Modifying a Dorcy spotlight

PCC

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Here's a little project that I've started and hope to finish in the next day or so. It's an inexpensive Dorcy spotlight that runs on a 6V lantern battery. The PR flange bulb that is in it is terrible. It's not very bright even with a fresh 6V lantern battery. I changed it to the halogen bulb from my Mag 3D and it was both brighter and the light is whiter, but, being incandescent, it'll drain the battery faster than I want so I decided to convert it to LED with a low budget. How low? Try $0! The LED itself is a Luxeon that I pulled out of my 2D MagLED module when I upgraded the emitter to a SSC P4. I'm going to hook up a small potentiometer that I already had inside the case set to a value that doesn't max out the emitter to extend the life of the battery and to minimize heat build-up from the LED for use during power outages.
Here is the gallery for the pictures. There are a few more pictures than shown here.
Here are a few pictures of the spotlight as it came from the store.
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DSC_9074.jpg

I started by milling a heatsink and mount for the LED out of a piece of scrap 6061 aluminum that I found in the garage. Here are a few pictures of it after the milling operation and test fitting the LED on it with the reflector assembly. Sorry that it is a little rough but it'll be inside the light and no one will see it so it's not a big deal.
DSC_9092.jpg

DSC_9083.jpg

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I need to mount the emitter to the heatsink and figure out how to do the wiring without shorting the thing out :poof: I'll work on that tomorrow and post more pictures and updates after I some more progress on this. Stay tuned!
 

Fallingwater

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What are the advantages of a pot versus a multi-mode DC-DC driver?
Easier and quicker to set up, not to mention much cheaper, but a whole lot less efficient for high-power emitters. However, I understand he wants to set it to the appropriate value for the Lux and leave it like that permanently, effectively using it like a resistor.

Personally I'm an efficiency junkie, so I wouldn't use Luxeons for anything that has to run on batteries. If I had any lying around (which I don't, fortunately) I'd use them in fixed installations.
 
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PCC

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I wanted to complete this with as little money outlay as possible. I really didn't want to try turning a sow's ear into a silk purse, so to speak.

Well, I wired it up today. I had marked what I thought was the anode side but blew it so the first time I hit the button nothing happened. I double-checked my work and everything was working properly so I placed the battery on the contacts in such a way that it was reversed and the LED lit right up. :ohgeez:Took it apart and redid it correctly and the second time it worked out. I then tried to adjust the value on the potentiometer and soon found that it was bad. It was working initially but after a while I was not getting anything past the pot so I replaced it with another one I had. Turns out that one was bad, too (could not be adjusted no matter how much I turned the adjuster). Dug up a 16 ohm resistor I had laying around and put that in instead. Works like a charm! According to the resistor calculator I used this should give me around 200 ma to the Luxeon. I might substitute a resistor with a lower value to increase the current but this isn't bad, so far. I think 8 ohms will do it for 400 ma but run times will suffer. I ran it for a half hour straight and the heatsink didn't even get warm to the touch.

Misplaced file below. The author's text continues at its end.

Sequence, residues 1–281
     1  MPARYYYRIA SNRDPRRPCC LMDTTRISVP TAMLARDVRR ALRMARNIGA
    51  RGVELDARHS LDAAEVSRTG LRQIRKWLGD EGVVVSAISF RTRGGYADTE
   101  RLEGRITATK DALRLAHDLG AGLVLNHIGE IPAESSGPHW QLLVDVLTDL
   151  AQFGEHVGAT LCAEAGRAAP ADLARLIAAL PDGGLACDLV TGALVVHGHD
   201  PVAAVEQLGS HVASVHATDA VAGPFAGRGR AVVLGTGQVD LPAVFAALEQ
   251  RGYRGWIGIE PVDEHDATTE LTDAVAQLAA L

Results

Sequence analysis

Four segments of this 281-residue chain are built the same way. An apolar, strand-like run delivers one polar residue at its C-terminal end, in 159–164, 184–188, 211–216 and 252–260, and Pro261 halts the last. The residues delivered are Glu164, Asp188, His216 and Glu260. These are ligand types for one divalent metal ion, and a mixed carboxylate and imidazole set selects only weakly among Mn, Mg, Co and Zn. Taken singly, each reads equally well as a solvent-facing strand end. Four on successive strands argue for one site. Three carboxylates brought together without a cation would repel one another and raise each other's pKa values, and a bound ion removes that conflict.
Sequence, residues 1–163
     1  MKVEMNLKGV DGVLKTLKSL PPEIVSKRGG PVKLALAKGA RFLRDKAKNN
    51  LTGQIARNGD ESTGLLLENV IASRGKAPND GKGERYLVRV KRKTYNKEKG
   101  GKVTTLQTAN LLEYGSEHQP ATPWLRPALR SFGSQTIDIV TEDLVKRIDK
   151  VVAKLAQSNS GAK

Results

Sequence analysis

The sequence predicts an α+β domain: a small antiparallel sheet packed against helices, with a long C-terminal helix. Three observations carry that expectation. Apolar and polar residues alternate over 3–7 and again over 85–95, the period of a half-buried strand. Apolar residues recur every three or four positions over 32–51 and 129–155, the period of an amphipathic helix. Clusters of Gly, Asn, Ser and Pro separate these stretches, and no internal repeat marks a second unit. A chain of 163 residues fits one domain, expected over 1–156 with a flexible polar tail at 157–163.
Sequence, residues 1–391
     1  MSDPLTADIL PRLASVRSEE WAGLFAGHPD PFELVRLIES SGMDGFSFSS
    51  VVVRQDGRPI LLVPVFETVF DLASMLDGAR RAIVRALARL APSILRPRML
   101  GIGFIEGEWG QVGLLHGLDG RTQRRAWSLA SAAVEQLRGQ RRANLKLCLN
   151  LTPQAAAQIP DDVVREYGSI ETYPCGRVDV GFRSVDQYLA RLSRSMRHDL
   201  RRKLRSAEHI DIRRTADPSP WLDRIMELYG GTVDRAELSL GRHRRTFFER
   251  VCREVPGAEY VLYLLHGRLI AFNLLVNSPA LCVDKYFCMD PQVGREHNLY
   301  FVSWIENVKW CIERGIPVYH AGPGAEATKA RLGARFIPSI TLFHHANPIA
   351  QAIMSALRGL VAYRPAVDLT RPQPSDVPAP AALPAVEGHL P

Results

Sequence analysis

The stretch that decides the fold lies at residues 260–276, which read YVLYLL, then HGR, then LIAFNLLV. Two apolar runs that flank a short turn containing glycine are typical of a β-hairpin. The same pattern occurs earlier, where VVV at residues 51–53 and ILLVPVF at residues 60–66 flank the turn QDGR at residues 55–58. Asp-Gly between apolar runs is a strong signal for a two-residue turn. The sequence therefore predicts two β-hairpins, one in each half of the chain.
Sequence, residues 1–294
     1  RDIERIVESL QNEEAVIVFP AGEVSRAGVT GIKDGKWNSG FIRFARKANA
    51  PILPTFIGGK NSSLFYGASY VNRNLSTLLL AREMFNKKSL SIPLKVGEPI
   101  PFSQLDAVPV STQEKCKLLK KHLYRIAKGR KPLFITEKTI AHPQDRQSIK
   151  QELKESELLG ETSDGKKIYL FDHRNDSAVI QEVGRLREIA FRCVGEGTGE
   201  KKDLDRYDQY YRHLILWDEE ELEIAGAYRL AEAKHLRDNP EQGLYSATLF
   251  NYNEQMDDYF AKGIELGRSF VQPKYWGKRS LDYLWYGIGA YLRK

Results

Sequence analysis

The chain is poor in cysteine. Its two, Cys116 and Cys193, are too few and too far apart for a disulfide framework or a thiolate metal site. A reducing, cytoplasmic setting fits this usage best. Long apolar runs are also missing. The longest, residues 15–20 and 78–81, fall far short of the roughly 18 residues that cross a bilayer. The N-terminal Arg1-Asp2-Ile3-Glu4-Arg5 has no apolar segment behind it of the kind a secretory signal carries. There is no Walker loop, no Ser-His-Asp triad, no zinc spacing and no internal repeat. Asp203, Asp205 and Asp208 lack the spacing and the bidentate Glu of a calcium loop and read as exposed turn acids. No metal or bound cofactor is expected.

It works fairly well other than that I didn't get the focus quite right and instead of a nice small spot I get a slightly larger spot with some artifacts and rings. Oh, well, at least it's a smaller hotspot than my MagLites and the hotspot is pretty much round, not oblong or funny shaped indicating that I didn't center the emitter.

This little light is going to be my power outage light to be used around the house so I don't really need a lot of light but I do need a nice, long runtime and I think this will meet that goal.

Here are more pictures. Sorry, I didn't take a before beam shots so I won't take an after one unless someone wants to see it.

DSC_9102.jpg

DSC_9101.jpg

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PCC

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Actually, I was just thinking of mounting a switch inside with both the 16 ohm and an 8 ohm resistor so that I can select two different outputs. It's still a work in progress.

Last night I cut an old credit card up to make a shim to place between the heatsink and the reflector. This tightened and cleaned up the hotspot nicely, though I can probably fine-tune it some to get the spot even tighter. It's not super tight but it's not bad. I'm more than happy with the way this turned out so far so I can stop working on it and still be happy with it. Not bad for a $5 total investment, eh?
 
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